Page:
13 Apr 2017

World-Class Series [No3]: George Best (Manchester United and N.Ireland). Was he 'world-class'?

Man Utd legend George Best is one of the most revered footballers of all time, and in any discussion of world-class players, Best's name is always in the conversation. Was he actually world-class, though?

World Class: My Definition

Before a player can be deemed 'world-class', he/she must have a Specific, Measurable Impact (SMI) at all three levels of football, and push his/her team to relative success at all three levels.

The Three Levels

* Domestic: National leagues.

* European: Champions League, Europa League, or equivalent.

* World: International - qualifying and/or tournaments.

Relative Success: OAL and SMI

* What is the the team's Optimum Achievement Level (OAL) in a given competition? In other words, based on historical performance, what is the absolute best the team can realistically expect to achieve?

* Causation: The player's causal contribution to his team's OAL. To what extend did the player in question help the team to meet its OAL? But for the player under consideration, would the team still have achieved its OAL?

* A variety of objective, position-specific criteria should be used when assessing the SMI of players. For example, for attacking players: Goals; assists; conversion rate; key passes; shot-assists; passing accuracy etc. For defenders: goals conceded; blocks; aerial duels won; tackle success rate etc.

* Players in inferior teams are still capable of being 'world class' as long as their SMI is such that they excel, and push their team to achieve its OAL (though in all cases, SMI at all three levels is required).


* SMI at Domestic Level: Manchester United: 250+ goals/assists in 474 games for Man Utd. Helped Utd win two league titles (1965 and 1967), though goal return was merely average (10 goals in each league-winning season). 1968: FWA Footballer of the Year. 1968: Division One top scorer (28 goals).

* SMI at European level: Manchester United: Helped United win the European Cup in 1968 (3 goals in 9 games). Scored in the semi-final vs. Real Madrid, and the final vs Benfica. 1968: Ballon D'or winner.

* SMI at International level: Made only 37 apps for Northern Ireland during a 14-year international career, averaging only 2-3 games a season. 9 goals in 37 games, with all 9 goals coming against 6 teams: Albania, Cyprus, England, Scotland, Switzerland and Turkey. Failed to score a single goal in 9 of his 14 years as an international, and only scored more than 2 in one of those years.

- In 1958, Northern Ireland got to the World Cup quarter finals, but during Best's tenure as an international (1964-1977), NI didn't come close to qualifying despite having one of the (alleged) best players in the world. Additionally, in that time, NI won only 12 of their 26 World Cup qualifying games. After Best retired, NI immediately qualified for two consecutive World Cups (1982 and 1986).

- Similarly, with Best in the team, Northern Ireland never came close qualifying for the European Championships, winning only 6 of 18 qualification games during his tenure. NI exponentially improved their points totals in the two qualifying runs immediately after Best's retirement (1980 and 1984). Exactly the same thing happened with NI's world cup qualifying runs.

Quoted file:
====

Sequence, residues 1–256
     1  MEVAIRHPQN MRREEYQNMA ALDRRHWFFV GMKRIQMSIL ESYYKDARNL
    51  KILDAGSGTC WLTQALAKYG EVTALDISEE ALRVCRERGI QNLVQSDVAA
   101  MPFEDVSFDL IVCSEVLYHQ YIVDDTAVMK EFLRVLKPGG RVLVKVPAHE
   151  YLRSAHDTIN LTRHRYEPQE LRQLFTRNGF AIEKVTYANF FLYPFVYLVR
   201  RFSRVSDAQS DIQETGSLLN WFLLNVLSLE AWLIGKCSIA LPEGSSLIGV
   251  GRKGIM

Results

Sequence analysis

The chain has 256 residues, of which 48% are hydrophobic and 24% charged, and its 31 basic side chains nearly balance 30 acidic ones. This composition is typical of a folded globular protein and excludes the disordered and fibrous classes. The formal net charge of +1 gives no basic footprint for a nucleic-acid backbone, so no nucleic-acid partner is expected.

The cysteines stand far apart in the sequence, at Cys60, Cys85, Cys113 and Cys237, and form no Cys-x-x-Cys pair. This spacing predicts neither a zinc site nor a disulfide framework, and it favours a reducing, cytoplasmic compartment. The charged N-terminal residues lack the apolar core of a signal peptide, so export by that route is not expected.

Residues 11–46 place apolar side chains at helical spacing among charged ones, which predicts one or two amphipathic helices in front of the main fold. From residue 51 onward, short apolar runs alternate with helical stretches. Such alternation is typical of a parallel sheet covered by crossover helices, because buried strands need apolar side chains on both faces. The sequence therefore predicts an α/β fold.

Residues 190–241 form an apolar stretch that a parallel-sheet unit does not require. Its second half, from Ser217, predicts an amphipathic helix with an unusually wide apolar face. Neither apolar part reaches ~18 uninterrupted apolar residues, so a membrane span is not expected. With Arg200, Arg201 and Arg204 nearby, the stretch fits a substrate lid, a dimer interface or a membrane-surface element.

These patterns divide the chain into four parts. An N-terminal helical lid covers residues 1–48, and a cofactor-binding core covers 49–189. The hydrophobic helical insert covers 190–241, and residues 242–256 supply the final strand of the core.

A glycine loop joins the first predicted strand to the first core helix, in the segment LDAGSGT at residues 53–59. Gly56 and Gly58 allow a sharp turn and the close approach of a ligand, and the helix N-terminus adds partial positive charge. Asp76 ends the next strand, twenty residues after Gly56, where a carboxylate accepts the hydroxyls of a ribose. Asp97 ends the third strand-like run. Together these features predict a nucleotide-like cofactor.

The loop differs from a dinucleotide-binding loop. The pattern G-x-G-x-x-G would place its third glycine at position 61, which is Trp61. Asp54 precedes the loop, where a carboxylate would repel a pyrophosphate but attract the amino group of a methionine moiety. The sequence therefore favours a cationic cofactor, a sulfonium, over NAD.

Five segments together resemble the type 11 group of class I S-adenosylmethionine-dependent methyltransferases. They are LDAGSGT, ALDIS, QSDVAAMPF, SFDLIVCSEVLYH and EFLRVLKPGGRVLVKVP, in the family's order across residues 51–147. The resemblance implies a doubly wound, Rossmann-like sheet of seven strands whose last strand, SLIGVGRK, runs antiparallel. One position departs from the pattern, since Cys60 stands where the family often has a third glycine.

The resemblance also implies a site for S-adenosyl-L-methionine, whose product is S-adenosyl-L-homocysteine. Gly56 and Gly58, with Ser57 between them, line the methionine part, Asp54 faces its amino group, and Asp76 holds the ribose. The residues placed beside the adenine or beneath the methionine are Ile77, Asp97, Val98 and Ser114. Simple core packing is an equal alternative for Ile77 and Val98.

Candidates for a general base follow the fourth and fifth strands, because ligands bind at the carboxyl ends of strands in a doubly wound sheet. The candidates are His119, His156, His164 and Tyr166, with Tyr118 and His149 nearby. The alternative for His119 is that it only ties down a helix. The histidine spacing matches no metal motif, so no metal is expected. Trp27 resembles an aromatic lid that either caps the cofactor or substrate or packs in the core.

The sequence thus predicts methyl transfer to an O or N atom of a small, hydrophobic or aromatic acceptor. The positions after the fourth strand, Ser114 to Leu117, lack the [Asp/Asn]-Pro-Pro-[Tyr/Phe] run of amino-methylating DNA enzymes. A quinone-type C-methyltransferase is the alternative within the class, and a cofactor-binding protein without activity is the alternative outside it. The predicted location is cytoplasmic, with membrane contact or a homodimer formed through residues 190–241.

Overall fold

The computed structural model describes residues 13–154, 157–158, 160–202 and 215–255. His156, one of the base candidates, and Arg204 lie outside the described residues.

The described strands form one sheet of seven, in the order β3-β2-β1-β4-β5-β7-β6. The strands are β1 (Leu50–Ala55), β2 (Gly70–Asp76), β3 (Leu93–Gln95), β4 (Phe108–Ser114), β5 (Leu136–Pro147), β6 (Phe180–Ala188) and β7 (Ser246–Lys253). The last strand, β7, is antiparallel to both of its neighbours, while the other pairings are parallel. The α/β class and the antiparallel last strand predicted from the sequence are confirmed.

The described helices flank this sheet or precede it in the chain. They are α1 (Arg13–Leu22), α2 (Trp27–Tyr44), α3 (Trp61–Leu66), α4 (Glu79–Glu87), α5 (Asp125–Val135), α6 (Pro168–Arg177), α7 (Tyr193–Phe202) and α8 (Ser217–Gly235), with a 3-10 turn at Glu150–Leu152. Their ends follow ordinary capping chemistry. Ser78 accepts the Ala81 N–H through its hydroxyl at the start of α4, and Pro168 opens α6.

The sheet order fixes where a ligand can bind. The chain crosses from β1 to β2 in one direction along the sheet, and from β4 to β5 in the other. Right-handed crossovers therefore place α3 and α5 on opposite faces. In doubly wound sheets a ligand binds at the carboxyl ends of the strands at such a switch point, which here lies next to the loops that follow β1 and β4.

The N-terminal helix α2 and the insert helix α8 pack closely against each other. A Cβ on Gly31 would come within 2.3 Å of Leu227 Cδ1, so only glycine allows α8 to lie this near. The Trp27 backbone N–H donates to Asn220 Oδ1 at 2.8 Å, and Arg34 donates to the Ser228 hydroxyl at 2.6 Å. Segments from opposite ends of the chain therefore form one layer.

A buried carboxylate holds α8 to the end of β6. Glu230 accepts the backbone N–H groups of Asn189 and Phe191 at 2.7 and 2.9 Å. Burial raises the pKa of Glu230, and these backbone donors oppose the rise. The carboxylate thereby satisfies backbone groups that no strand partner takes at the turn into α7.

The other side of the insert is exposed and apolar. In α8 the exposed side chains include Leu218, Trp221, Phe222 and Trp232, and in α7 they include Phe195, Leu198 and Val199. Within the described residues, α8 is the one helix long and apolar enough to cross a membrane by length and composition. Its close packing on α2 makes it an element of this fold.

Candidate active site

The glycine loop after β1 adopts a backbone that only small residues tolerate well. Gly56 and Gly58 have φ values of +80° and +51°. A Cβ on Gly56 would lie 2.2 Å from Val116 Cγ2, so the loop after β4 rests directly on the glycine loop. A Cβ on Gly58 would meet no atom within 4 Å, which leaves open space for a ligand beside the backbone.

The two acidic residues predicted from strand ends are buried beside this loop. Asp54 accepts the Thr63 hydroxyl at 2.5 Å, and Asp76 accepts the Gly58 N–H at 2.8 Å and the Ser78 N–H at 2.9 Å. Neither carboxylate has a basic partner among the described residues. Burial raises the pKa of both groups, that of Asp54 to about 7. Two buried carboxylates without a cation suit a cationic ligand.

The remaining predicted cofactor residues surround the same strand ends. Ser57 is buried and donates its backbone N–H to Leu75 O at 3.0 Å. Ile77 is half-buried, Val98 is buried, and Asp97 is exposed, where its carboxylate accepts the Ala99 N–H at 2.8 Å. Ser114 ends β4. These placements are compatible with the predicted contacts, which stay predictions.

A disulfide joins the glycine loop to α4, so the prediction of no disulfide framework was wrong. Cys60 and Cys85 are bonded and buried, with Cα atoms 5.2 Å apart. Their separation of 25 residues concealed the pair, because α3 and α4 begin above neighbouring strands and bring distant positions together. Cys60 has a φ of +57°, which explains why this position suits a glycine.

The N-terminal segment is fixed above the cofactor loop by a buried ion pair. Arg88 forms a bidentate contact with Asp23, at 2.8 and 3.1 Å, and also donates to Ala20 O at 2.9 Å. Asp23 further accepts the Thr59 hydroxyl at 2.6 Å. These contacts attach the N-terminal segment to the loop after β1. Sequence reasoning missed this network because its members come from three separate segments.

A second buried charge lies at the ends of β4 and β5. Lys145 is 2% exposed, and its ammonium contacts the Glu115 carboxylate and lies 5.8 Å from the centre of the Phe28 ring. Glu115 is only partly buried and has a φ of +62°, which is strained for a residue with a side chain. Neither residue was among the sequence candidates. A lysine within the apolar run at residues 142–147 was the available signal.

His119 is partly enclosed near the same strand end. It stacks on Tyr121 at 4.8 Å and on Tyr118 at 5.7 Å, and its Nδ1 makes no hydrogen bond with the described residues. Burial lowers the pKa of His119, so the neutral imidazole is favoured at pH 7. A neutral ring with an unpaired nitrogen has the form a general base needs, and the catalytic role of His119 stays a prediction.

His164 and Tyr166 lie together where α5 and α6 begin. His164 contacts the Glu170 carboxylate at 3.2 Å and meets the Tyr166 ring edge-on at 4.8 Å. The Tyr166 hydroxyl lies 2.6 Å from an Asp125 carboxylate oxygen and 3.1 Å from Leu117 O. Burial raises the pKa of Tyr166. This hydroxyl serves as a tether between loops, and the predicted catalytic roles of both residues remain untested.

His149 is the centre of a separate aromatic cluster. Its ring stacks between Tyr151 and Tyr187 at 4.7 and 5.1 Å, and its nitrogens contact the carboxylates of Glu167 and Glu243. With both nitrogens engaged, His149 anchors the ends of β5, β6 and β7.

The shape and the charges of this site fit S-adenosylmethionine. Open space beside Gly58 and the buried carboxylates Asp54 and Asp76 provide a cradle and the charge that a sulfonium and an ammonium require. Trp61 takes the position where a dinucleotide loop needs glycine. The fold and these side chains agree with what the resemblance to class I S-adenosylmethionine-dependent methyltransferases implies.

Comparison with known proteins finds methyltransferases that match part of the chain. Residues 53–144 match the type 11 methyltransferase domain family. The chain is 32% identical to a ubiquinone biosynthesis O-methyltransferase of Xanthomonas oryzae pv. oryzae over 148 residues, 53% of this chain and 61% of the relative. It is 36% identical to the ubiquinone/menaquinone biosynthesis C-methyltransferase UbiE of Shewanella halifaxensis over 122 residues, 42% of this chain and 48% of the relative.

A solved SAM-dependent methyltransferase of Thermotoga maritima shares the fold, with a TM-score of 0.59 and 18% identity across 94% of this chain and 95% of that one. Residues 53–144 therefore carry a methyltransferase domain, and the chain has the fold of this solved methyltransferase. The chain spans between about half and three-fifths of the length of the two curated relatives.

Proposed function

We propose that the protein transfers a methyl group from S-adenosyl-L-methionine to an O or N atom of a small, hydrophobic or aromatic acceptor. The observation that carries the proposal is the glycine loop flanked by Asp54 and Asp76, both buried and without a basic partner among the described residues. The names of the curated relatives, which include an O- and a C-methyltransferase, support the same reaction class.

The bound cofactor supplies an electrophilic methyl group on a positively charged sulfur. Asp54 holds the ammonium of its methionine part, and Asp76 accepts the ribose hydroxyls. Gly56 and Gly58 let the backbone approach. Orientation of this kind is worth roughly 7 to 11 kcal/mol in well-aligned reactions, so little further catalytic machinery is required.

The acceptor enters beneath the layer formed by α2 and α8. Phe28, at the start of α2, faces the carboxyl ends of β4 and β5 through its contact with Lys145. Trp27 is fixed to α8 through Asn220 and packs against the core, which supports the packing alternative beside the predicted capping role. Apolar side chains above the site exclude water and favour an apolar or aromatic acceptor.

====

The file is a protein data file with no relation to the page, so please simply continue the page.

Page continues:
* Northern Ireland OAL: Qualified for the World Cup 3 times. Qualified for the Euros just once (2016). As such, OAL is arguably a good qualifying run (for both tournaments).

* Conclusion: Best excelled at Man United at domestic and European level, though he only helped United qualify for Europe in 4 of his 11 years at the club. Despite that, he meets the SMI/OAL requirements for the first two levels.

- A player of Best's quality should've (IMO) had a bigger impact at international level. Despite his alleged genius, he had little impact on NI, and never once played a leading role in helping the team to the brink of qualification. A truly world-class player will drag his team towards relative success, but Best failed to achieve that. A good example of this is Kenny Dalglish, who played for a similarly poor international team, but still managed to help Scotland qualify for major international tournaments.

- To be clear: I'm not suggesting Best should've dragged NI to World Cup/Euro qualification; I submit that his impact should've been enough to push NI to the brink of WC/EC qualification at least once in a 14-year international career.

* Verdict: Not world-class. I don't see how it can be credibly argued that best was world-class. A player with such a poor international record simply cannot be ranked on that level, and Best consistently failed to help NI achieve relative success.

Yes, Best obviously had amazing ability, and was great at dribbling etc, but being world-class is not just about ability, it's also about mentality. In my view, Best did not have the mentality to be a truly world-class player, and his patchy international appearance record suggests that issues outside football prevented him from being at the top of his game and/or playing regularly.

Labelling Best 'world-class' is arguably driven by emotion, not reality. Obviously, people are entitled to their opinions, and I'm interested in hearing credible arguments for why Best can rightly be considered 'world-class', though these arguments will invariably be subjective.

Ultimately, Best won only 3 trophies for his entire career, despite playing alongside players like Bobby Charlton, Nobby Stiles, and Denis Law. Compare that to Dalglish, who played an absolutely essential role in helping Liverpool win 3 European Cups and 6 League titles. Best may have been more talented, but Dalglish had world-class mentality, and that's the difference.


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